1) Clearly identify the need that is being met. There is no room for doing things that are "nice." You must point to a clearly articulated need, one that is appreciated and understood by senior line management. The key here is to convince managers that a comprehensive health and safety management system will simplify their life, increase efficiency in achieving improved health and safety results, and clearly indicate by measurement a site's capability to achieve predictable results. Your system will allow managers to specifically understand why they are getting the results they are - and just what they have to do to achieve improved results.
2) Involve senior managers in the development phase. This is key to gaining their buy in. A guaranteed false start is for the health and safety staff to develop a management system and then take it to senior managers for their blessing. Remember, if it looks like a staff product and feels like a staff product, it will smell like a staff product. That is not good. Ask your managers to designate line managers to play an active role on your design team. After all, they are the ones who will have to deploy it and live with it.
Also, your senior line managers must set health and safety performance expectations for your site. With your input, managers should:
- Set the EXPECTATIONS for the site;
- COMMUNICATE these expectations;
- Demonstrate COMMITMENT to these expectations during tours, meetings and one-on-one discussions;
- Provide reasonable RESOURCES - provide the right to succeed;
- Track progress and hold the organization ACCOUNTABLE; and,
- RECOGNIZE and REWARD progress and performance.
3) Involve your employees. Employees must be involved in all aspects of health and safety. They need to be well aware of goals and expectations. They need to identify safe behaviors that go into behavior observation sampling and participate in observations, as well as perform inspections and conduct presentations at safety meetings.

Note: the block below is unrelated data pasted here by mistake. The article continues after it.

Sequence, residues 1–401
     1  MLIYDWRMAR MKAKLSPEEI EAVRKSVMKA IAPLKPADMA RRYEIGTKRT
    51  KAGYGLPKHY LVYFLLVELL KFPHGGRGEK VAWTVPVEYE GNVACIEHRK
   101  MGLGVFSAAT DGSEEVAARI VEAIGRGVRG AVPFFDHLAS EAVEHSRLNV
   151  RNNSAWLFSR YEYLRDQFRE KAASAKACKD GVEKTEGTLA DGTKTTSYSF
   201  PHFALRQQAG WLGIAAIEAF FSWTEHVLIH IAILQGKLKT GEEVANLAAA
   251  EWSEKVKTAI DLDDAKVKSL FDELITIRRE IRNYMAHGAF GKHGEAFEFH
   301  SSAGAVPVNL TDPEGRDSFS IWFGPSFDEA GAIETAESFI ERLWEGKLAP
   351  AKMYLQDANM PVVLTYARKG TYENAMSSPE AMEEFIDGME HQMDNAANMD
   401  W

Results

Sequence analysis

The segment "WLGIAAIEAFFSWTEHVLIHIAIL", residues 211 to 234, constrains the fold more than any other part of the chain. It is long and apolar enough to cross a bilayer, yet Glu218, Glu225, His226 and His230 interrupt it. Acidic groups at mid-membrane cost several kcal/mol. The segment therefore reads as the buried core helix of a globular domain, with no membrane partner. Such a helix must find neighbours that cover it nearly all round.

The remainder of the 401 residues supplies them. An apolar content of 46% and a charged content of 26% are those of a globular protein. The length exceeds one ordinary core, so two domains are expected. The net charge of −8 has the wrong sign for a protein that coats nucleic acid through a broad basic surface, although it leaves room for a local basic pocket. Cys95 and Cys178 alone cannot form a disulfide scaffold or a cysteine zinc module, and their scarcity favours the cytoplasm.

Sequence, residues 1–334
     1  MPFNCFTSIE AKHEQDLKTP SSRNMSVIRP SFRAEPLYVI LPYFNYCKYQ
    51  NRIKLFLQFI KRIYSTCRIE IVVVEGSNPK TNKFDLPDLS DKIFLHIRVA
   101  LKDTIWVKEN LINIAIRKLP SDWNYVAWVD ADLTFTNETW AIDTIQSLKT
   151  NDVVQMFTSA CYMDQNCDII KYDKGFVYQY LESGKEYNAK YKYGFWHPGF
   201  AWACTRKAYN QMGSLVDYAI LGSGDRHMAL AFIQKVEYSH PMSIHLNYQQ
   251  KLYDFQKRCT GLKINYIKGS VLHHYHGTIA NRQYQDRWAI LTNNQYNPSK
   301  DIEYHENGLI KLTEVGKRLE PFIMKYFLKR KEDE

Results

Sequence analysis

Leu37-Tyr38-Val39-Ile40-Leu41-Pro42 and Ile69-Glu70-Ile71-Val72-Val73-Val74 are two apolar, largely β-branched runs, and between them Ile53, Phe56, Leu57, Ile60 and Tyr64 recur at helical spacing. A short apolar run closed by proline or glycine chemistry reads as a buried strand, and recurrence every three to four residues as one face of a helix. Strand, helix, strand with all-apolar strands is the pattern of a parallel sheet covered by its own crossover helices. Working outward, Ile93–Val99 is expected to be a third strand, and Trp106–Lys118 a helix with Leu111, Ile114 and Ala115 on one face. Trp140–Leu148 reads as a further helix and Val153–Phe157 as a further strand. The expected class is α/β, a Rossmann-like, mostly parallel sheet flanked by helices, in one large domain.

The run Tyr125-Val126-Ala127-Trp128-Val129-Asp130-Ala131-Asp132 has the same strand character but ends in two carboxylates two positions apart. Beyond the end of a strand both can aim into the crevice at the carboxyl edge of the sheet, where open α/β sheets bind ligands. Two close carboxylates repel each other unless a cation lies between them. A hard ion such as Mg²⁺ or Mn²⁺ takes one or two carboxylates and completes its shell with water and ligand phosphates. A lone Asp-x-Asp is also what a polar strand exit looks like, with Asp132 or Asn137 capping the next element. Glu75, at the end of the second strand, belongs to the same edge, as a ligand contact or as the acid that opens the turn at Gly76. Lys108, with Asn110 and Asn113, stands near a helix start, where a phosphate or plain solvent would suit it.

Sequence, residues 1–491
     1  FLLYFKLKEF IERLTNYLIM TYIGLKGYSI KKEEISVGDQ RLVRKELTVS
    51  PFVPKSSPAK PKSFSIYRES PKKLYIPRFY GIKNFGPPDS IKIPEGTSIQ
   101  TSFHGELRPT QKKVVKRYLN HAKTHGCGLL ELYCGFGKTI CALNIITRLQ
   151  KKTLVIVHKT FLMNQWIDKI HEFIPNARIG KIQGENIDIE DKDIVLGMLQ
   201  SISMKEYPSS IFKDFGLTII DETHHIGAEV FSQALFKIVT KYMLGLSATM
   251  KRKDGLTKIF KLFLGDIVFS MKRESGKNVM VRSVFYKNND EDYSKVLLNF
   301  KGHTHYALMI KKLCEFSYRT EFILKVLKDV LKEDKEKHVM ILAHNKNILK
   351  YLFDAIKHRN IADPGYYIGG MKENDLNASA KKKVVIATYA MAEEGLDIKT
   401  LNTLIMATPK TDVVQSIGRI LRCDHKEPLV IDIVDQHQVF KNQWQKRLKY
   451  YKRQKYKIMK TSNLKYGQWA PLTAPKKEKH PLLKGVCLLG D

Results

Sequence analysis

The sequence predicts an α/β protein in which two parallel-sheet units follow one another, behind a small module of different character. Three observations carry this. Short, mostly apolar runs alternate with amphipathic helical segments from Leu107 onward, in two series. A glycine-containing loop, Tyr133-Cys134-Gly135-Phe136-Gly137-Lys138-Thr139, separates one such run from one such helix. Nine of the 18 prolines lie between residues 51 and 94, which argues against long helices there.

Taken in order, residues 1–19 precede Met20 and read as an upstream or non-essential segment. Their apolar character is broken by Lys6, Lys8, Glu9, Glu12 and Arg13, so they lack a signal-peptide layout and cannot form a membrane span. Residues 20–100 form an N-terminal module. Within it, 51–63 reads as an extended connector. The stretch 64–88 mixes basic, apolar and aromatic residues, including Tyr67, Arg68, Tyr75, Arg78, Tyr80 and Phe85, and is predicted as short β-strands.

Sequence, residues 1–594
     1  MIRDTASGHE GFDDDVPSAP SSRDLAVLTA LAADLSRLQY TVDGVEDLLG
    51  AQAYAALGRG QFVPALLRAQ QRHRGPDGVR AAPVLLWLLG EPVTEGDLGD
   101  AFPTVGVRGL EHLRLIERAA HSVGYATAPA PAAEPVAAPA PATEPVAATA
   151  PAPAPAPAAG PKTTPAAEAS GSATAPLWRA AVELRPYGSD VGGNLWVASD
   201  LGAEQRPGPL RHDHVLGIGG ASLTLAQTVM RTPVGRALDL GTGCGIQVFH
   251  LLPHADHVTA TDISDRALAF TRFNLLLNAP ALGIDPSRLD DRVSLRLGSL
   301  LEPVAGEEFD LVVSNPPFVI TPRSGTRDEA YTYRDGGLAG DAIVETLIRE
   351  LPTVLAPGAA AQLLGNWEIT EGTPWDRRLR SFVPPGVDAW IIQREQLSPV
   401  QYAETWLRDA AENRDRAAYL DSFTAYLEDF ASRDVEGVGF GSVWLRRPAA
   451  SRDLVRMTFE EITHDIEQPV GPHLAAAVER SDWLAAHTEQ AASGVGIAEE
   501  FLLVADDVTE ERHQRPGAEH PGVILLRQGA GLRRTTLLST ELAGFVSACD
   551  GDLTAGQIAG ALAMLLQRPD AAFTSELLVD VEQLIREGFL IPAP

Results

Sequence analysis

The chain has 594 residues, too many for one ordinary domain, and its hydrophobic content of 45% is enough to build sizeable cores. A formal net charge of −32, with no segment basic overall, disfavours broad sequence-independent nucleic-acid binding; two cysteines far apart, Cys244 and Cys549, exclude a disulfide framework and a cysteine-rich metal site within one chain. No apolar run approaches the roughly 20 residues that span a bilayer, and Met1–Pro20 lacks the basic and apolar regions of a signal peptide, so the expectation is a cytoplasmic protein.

4) Keep it simple and thin. Don't doom your plan to a long and dusty shelf life. A health and safety management system must be easily understood and have a small and finite number of elements. Be concise to get broad acceptance. Key elements of your system and rating criteria for charting performance should be short and to the point. Remember what Wally said to Dilbert, "A thick manual is a monument to temporary knowledge."
5) Stay focused. Rarely do sites achieve excellence when their focus is constantly changing from one program to another. A well-designed health and safety management system needs to be both balanced and comprehensive. Avoid "flavor of the month" approaches.
6) Find your advocates. Strategically start deployment of your management system by selecting sites more likely to embrace or accept the approach. "Pick the low hanging fruit." Remember, during the design phase you asked senior line managers to designate line management to be on the design team. Pick your initial site(s) where you expect to have advocates for the management systems approach. Rarely can you deploy a system broadly and force its use by edict. Achieve early successes and let those successes drive broader acceptance.
7) Validate your results. Your system must deliver on its implied promise to get results. Start to develop a database immediately. Obviously it will take some time before enough data (points on a curve) can be collected, but start deployment with the thought that to avoid a mega false start you need to validate the system over a reasonable period of time. Validation goes a long way in securing senior manager acceptance and assuring sustainability of your health and safety management system.